When the Supreme Court decided New York State Rifle & Pistol Association v. Bruen in June of 2022, it made it clear that federal, state and local governments must respect the fundamental right to bear arms outside the home for self-defense. Because, as the Court pointed out, a homebound right to “bear” arms between the living room and kitchen isn’t much of a right at all.
While some have claimed that the decision leaves many openings for regulation, it seems to me that the conclusion of Justice Clarence Thomas’ opinion forecloses any law that generally prohibits law-abiding Americans from defending themselves and their loved ones.
“The constitutional right to bear arms in public for self-defense is not ‘a second-class right, subject to an entirely different body of rules than the other Bill of Rights guarantees.’ We know of no other constitutional right that an individual may exercise only after demonstrating to government officers some special need. That is not how the First Amendment works when it comes to unpopular speech or the free exercise of religion. It is not how the Sixth Amendment works when it comes to a defendant’s right to confront the witnesses against him. And it is not how the Second Amendment works when it comes to public carry for self-defense.”
But, before the “ink” on Justice Thomas’ opinion was even dry, anti-gun lawmakers and academics began working on ways to undermine and minimize the Supreme Court’s decision. The Court released its opinion on June 23, and by July 1, the New York State Legislature had adopted sweeping legislation to completely rewrite its laws on public carry of firearms. Such an impactful piece of legislation should take months to work its way through the legislative process, with ample opportunity for input from the public, but New York lawmakers were just working toward a foregone conclusion: undermine the right to carry in every way possible.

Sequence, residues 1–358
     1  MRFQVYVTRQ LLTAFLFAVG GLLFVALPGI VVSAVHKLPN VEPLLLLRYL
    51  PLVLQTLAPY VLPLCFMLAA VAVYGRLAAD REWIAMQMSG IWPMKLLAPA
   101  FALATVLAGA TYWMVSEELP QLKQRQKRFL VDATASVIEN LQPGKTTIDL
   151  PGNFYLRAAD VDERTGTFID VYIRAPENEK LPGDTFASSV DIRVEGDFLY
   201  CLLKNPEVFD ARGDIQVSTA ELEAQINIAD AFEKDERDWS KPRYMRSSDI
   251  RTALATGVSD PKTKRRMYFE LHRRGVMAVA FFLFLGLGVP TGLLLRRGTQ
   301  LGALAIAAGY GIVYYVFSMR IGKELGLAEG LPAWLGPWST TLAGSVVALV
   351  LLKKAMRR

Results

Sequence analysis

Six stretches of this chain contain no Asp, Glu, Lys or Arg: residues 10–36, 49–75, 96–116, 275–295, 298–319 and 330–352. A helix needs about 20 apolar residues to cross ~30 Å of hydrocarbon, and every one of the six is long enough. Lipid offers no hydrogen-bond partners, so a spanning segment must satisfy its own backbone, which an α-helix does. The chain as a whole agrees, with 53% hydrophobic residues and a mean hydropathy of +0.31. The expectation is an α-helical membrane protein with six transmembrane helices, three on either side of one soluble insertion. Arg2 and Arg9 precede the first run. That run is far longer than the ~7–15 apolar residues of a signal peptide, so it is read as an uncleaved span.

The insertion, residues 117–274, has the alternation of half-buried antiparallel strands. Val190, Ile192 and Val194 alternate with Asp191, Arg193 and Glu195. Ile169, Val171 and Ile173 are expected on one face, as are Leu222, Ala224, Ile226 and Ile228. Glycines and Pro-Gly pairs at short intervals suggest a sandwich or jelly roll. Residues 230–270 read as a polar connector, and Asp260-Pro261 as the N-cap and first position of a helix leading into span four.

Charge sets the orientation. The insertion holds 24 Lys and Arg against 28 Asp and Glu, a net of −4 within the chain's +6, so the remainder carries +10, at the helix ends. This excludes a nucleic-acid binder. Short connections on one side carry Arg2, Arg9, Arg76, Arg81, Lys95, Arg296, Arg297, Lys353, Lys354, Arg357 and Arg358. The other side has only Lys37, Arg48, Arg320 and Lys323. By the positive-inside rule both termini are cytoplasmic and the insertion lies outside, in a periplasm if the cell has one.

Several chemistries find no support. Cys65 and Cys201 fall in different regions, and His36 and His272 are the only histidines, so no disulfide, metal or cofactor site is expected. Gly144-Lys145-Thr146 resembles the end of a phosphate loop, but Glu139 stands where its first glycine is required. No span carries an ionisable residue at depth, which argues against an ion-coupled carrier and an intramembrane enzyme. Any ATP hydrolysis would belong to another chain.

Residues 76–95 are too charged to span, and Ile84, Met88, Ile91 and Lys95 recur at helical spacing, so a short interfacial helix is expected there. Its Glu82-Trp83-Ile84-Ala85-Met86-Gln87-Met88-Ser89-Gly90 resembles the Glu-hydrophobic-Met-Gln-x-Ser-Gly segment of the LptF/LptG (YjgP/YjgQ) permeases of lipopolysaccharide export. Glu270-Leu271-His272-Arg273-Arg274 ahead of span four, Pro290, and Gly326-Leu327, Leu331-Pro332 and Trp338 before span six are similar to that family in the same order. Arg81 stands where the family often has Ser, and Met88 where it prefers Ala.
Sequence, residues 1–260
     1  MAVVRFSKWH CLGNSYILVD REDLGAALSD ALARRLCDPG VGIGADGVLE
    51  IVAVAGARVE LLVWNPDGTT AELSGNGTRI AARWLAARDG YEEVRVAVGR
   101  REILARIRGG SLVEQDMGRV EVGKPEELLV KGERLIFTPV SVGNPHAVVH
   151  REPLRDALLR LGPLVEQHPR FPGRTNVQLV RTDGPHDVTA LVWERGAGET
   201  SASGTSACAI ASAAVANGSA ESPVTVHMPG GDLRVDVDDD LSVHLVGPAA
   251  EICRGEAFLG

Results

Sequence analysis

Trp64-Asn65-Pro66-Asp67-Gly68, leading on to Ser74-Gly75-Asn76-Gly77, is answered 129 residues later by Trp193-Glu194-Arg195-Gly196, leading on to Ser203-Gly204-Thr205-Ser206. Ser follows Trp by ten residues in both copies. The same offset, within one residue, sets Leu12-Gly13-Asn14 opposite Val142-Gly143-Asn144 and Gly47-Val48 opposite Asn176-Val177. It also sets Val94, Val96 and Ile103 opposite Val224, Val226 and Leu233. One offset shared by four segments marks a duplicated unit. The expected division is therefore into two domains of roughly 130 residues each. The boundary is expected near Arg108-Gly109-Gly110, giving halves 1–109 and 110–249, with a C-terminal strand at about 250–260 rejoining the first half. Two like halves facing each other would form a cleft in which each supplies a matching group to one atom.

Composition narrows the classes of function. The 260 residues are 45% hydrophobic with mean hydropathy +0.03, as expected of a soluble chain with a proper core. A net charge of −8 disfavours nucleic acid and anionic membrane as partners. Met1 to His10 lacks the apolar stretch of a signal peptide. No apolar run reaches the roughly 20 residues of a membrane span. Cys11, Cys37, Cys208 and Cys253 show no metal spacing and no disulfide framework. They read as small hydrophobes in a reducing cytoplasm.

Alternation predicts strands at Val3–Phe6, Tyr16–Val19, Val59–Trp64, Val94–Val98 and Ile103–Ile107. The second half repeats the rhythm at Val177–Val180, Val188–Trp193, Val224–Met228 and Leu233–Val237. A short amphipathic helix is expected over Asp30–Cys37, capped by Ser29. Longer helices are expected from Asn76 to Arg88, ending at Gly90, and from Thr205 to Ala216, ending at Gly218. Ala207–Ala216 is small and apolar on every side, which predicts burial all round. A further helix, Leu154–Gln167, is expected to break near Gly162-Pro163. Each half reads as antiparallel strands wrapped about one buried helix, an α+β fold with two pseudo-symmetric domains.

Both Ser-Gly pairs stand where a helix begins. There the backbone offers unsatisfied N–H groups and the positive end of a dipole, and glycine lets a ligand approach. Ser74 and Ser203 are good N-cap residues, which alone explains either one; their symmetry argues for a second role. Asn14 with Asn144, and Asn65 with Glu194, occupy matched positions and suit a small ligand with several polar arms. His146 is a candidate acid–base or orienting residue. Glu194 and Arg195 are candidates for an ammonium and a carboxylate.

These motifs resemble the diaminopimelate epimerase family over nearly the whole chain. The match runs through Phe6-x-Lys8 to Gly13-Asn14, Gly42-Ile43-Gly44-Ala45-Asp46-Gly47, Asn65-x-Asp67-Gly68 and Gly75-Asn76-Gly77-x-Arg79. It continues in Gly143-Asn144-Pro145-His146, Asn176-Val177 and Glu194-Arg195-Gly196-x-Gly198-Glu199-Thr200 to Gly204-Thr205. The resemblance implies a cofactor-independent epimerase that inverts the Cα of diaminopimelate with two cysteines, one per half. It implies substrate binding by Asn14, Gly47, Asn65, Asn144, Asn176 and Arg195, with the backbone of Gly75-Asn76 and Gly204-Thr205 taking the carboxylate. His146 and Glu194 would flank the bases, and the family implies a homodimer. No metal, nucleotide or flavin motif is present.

The cornerstone of the Empire State’s new legislation was a novel provision that flipped the default rule for carrying arms on private property. Instead of the normal rule of people generally being able to enter private property that is open to the public, the law made it unlawful to enter private property with a firearm unless the person in control of the property had posted a sign affirmatively allowing firearm possession.
Imagine if this rule were broadly applied. Could a state legislature make an ever-changing list of items that otherwise law-abiding people can’t take to their local grocery store without risking criminal penalties? There is a good reason that rules for private property are left to the property owners and not hidden in an ever-changing statute book. But this terrible idea is spreading.
California, Hawaii, Maryland and New Jersey have all adopted similar laws that include the new “default rule” for private property, as well as many other location restrictions.
This idea came from a 2020 book written by two academics that first suggested switching the default rule. Initially, there was little interest in this idea because, pre-Bruen, anti-gun states were happy to discriminate on the basis of who could exercise their right to bear arms. When the Bruen decision clearly made this discrimination unlawful, anti-gun lawmakers latched onto the default-rule idea to limit the places where a person could lawfully carry.
Anti-gun lawmakers couldn’t completely hide their true intent when adopting this new default rule. In the new law, there are several exceptions for who is bound by it. The New York law exempted both active and retired police officers, and laws adopted in other states have included even more exceptions. If the states were honestly trying to change the default rule for entry onto private property, then there wouldn’t be any exceptions. What they’re really trying to do is exercise the state’s police power to regulate the right to bear arms in an unconstitutional way and to use private-property rights as a pretext for their unconstitutional ends.
To put it another way, if anti-gun states are going to be forced to “allow” average, law-abiding Americans to carry firearms for self-defense (as if a state had the authority to allow or disallow the exercise of any fundamental right), then those states are going to ensure that this right to bear arms is as hollow a right as possible.
Shortly after New York adopted its law, NRA and other pro-gun organizations filed suit to block the New York law and the laws in every other state that have adopted what are colloquially being called “Bruen-response bills.” While these lawsuits are still working their way through various courts, one thing has been clear in each case: The default-rule change has no basis in the history of the Second Amendment and is clearly a pretextual attempt to ban lawful carry in as many locations as possible. Four courts have considered the constitutionality of the new default rule, and four courts have blocked its enforcement because it is unconstitutional.
We’re working tirelessly to continue our perfect record.